There is a good deal of interest in using drones, also called unmanned aerial vehicles (UAVs) for the application of pesticides. In this context, a drone is a small, remotely controlled fixed-wing or rotary-wing aircraft. A drone application might be appealing to individuals wanting to spray where it is not practical or desirable to use a traditional spray, or perhaps, for spot spraying. However, applications are limited by the size of the payload the drone is able to carry, and compliance and logistics for such applications can be challenging. Downdraft can affect the deposition of the product and cause off-target movement or volatilization. If you are an applicator considering using a drone for applications, here is some basic information regarding licenses that you need to know before applying any pesticides.
Remote Pilot Certification/FAA Requirements
First, any individual who will be operating a drone for pesticide applications shall have a current Remote Pilot Certification under Title 14 of the Code of Regulations (14 CFR) 107 and meet all Federal Aviation Administration (FAA) requirements. This can be achieved by taking a Commercial Remote Pilot Training course or simply taking the exam at an approved testing center. The fee to schedule an examination is usually around $175. Drones shall be operated under the applicable FAA requirements and the necessary exemptions must be obtained according to the weight of the drone being flown. A Commercial Agricultural Aircraft Operator Certificate shall be obtained if the drone does not meet the requirements for exemption.
UAV (Drone) Registration
The applicator needs to provide the Kansas Department of Agriculture with the make, model, serial number (if applicable), and any other requested information related to the drone and submit a completed and signed application to apply pesticide products. Documentation is needed to confirm that each drone is properly registered with the FAA (FAA registration certificate) and that the individual flying it has the proper certification (copy of remote pilot license). The business making the applications also has to prove they have the proper certification (exemption/rulemaking documentation, a Commercial Agricultural Aircraft Certificate) or has obtained the necessary exemptions to KDA.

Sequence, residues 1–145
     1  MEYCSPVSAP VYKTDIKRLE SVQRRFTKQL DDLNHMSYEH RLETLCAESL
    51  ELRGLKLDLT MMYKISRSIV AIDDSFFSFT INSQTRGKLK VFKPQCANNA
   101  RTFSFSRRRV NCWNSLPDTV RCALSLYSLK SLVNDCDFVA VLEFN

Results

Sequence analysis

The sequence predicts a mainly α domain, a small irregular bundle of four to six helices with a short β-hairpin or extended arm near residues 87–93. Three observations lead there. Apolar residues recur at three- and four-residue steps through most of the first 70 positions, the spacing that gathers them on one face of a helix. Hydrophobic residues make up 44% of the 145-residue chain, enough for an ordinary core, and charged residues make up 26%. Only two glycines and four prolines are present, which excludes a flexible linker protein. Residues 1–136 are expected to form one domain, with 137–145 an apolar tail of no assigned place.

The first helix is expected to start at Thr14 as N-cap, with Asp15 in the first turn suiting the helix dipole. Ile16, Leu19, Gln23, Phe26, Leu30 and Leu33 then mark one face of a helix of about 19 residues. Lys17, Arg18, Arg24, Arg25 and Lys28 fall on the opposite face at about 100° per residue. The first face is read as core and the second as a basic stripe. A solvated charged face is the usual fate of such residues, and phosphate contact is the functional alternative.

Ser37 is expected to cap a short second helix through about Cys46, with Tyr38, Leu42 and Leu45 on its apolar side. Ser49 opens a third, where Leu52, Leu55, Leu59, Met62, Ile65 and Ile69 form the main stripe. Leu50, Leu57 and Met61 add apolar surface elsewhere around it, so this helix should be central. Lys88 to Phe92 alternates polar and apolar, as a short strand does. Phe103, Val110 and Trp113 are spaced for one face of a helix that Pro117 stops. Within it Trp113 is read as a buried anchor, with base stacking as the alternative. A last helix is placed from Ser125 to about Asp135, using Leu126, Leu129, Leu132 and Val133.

Allowed Application Categories
Commercial pesticide applications via drones or unmanned aerial vehicles are only permitted in the following categories.
The individual who is operating the drone during the pesticide application must be a certified applicator in the category that applies to the application. The business needs to comply with all existing requirements for obtaining a pesticide business license.
Pesticide Label Requirements
Finally, commercial pesticide applications via drone or unmanned aerial vehicle need to comply with the label requirements of each pesticide product being applied. Remember the label is the law! Unfortunately, there is little clear guidance on pesticide labels that pertains to drone applications. One thing to note is that if the label prohibits aerial application then the product cannot be applied by a drone. If an aerial application is permitted, the application rate and other parameters need to be in compliance with the label. Also, it is important to note, manufacturers and users are adopting commercial nozzles meant for self-propelled sprayers, which can be a concern for product deposition and coverage.
Frannie Miller, Pesticide Safety and IPM Coordinator
Sarah Lancaster, Extension Weed Science Specialist
Ajay Sharda, Extension Biological and Agricultural Engineer